After having a highly productive week last week, this week gave me heartburn. While accomplishing a lot on drafting legislation (in advance of filing deadlines on issues like autism and craft brewing, and working on thorny issues like the school calendar) action on the House floor bogged down over matters of not much substance. Committee work also slowed in advance of a certain basketball tournament in Greensboro.
Last week, we had a dust-up over a provision added to an appropriations bill dealing with air emissions from hydraulic fracturing (or “fracking.”) This week, as promised, that provision got added to a bill dealing with some noncontroversial changes to a host of environmental laws. The bill summary for HB157 [Amend Environmental Laws] says simply, “House Bill 157 would amend various environmental laws.” It goes on to explain the various parts of the bill having to do with the Interstate Mining Compact, a clarification of the law relating to steel slag, some coal ash technical amendments and changing the name of a wetlands protection program. As promised the bill was in the Environment Committee on Tuesday. I chaired that committee meeting and the fracking-related amendment was adopted by voice vote.
With the now controversial amendment added to the bill and with the expectation of no votes on Thursday, when the bill got reported out of committee and to the floor on Wednesday, the bill sponsors moved to have the bill put on the calendar for immediate consideration that day. What that caused was a debate on whether to take up the bill immediately before any debate on the substance of the bill.
There is nothing more uncomfortable than debating whether a bill should be taken up. Democrats argued that the House had been functioning in a fairly bipartisan matter and that we shouldn’t get partisan by forcing immediate action on the bill. They said they wanted the public to have more time to consider the bill. Republicans argued that one portion of the bill was time sensitive — not the fracking provision — and they wanted to take it up immediately since there were no votes being scheduled on Thursday. The debate was really about nothing more than whether we took up the bill on Wednesday of this week or Monday of next week. The motion to add the bill to the calendar on Wednesday passed by a vote of 73 to 42, largely along party lines.
Next, a Democratic Member, Rep. Robert Reives (D-Chatham) moved to strike the fracking provision. After a long, confusing debate, that effort was defeated on a vote of 46-70. One Democrat voted against the amendment as did all but a few Republicans. The bill ultimately passed on a vote of 76 to 40, again largely along party lines.
The expectation, I guess, was that I would vote to strike the fracking provision, but I did not. I also voted to bring the matter immediately to the floor, and I voted for the bill. One might ask why, since I’ve consistently opposed bills and provisions in bills supportive of fracking.
Well, I voted to move the bill forward immediately because it needed to move ahead and the Senate was poised to take up bill. In fact, the Senate took up the bill today and passed it on second reading by voice vote. Presumably, the Senate will complete action on the bill next week and the bill will be sent to the Governor.
Delaying action on the bill, in my opinion, was just politics. If it could be delayed, there would be a few anti-fracking editorials published over the weekend, but the result was not likely to change whether we took up the bill this week or next week. Legislators had made up their minds.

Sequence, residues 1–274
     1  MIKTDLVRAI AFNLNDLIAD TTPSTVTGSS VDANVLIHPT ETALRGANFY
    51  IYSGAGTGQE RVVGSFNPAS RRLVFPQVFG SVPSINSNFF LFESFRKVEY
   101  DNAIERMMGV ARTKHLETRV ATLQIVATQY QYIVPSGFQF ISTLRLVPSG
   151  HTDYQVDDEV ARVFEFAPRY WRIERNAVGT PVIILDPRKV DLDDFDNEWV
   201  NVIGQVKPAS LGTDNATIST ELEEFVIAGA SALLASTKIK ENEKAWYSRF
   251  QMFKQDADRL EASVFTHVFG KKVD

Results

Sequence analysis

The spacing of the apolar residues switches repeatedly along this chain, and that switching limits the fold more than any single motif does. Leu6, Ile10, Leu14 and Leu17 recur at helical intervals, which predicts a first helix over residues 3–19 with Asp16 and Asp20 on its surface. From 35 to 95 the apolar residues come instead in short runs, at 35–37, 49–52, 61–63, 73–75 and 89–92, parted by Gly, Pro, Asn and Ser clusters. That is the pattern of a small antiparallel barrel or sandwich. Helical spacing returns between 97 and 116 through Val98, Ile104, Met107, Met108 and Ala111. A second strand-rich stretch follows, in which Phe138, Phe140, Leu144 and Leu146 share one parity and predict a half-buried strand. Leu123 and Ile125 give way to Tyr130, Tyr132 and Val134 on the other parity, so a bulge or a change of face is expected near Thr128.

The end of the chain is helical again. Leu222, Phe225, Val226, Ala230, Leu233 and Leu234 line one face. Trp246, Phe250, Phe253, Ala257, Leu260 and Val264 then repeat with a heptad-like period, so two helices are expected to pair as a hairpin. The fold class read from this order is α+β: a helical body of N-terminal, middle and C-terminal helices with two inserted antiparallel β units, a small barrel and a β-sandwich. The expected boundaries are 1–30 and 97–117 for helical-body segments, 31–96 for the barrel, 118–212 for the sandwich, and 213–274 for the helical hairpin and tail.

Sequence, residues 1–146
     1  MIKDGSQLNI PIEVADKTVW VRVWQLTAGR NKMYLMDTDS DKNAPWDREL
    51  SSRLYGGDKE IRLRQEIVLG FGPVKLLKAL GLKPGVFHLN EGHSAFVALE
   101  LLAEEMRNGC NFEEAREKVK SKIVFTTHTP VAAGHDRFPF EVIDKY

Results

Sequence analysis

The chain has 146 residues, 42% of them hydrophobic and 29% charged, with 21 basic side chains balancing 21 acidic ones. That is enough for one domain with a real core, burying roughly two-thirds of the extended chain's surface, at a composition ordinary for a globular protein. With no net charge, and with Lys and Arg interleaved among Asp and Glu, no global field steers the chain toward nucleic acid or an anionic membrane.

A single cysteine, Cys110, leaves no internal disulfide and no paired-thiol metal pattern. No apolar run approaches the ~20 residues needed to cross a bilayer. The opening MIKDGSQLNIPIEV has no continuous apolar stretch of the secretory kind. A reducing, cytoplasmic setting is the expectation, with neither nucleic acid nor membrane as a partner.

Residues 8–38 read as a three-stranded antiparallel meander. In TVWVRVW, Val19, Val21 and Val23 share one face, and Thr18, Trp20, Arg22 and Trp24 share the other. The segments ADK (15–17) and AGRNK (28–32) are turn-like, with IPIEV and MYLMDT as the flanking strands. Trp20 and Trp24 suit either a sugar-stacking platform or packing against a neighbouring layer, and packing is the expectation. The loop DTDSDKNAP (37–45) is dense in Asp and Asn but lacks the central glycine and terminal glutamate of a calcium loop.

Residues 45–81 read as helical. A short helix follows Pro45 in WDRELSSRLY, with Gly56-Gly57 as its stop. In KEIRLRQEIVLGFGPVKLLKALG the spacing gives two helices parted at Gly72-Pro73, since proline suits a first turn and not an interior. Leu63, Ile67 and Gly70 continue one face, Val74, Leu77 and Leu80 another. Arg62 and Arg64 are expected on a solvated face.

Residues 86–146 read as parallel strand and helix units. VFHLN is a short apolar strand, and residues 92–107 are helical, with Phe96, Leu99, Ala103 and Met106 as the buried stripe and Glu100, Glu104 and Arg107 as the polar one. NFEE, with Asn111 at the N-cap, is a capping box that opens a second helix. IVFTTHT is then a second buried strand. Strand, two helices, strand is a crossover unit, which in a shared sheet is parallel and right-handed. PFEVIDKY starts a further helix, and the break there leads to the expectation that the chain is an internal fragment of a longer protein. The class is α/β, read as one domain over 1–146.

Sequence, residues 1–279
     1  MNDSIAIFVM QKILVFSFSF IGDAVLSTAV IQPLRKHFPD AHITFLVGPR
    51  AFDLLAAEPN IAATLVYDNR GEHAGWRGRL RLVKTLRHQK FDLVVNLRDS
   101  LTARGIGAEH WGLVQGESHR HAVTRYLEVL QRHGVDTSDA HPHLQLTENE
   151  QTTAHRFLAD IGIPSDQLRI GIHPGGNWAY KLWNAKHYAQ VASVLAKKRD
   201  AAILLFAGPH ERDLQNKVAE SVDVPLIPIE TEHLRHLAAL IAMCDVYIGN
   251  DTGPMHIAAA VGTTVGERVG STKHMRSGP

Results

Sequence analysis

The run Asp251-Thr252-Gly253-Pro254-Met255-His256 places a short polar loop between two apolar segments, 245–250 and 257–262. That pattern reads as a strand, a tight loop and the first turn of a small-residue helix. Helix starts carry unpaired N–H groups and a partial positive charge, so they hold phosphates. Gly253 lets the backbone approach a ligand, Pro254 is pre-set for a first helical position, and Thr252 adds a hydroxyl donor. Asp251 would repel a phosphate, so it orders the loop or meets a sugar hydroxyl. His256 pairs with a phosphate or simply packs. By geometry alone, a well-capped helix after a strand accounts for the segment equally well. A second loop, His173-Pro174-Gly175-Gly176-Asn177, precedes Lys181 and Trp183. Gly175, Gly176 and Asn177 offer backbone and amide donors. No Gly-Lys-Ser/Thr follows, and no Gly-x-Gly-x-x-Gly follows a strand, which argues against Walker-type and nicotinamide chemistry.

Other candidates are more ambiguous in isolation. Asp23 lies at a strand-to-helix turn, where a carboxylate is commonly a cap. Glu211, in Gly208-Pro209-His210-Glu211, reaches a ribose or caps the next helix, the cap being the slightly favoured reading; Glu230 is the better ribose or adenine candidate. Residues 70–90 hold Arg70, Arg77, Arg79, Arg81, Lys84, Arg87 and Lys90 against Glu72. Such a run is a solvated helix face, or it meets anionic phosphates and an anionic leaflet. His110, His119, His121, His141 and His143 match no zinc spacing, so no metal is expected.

As to the amendment, I’d voted against this amendment last week when its sponsor, Rep. Mike Hager (R-Rutherford), had put it forward. My vote then was about the process of adding a substitutive amendment on fracking to an appropriations bill that had nothing to do with fracking. HB157 was an environmental amends bill; there was nothing inappropriate about adding it. By this time, everyone understood what the amendment was about.
The proponents of the amendment were seeking to protect the legislation passed back in 2011 that authorized fracking from legal challenge by patching one portion of the law relating to air emissions. While I understood why the amendment was being put forward, my view was that it was unnecessary since there was no expectation of a legal challenge on the air emissions provision. The better fix for the problem lies with HB172 [Fracking-Protecting the Public], a bill that I’ve co-sponsored. The original pro-fracking legislation from 2011 didn’t fully address air emissions from fracking operations, and I support a proactive approach to the air emissions issue as reflected in HB172.
I voted against striking the “patch” because I didn’t think it did any real harm. My jaded view was that all sides were just playing politics. I think that the environmentalists were making it seem that the air emissions provision was a huge deal, when in fact it didn’t amount to much. They were just trying to garner positive press on an issue on which the public has misgivings. As already indicated, I thought the proponents were trying to fix an issue that didn’t need fixing.
There are occasions, and this was one of those occasions, when I wanted to just not vote. I guess I could have gotten up and walked out of the room, but my job is to vote and so I did. If my concern was to bolster my environmental voting record, I guess I should have voted for the amendment, but I’m just not into playing those political games.
For me, the vote for final passage of the bill was an easy vote, though. All but one of the provisions in the bill were noncontroversial and needed to pass. The one provision in the bill that was controversial was largely about politics—not substance. Therefore, the bill was much more of a positive than a negative, and I voted for it.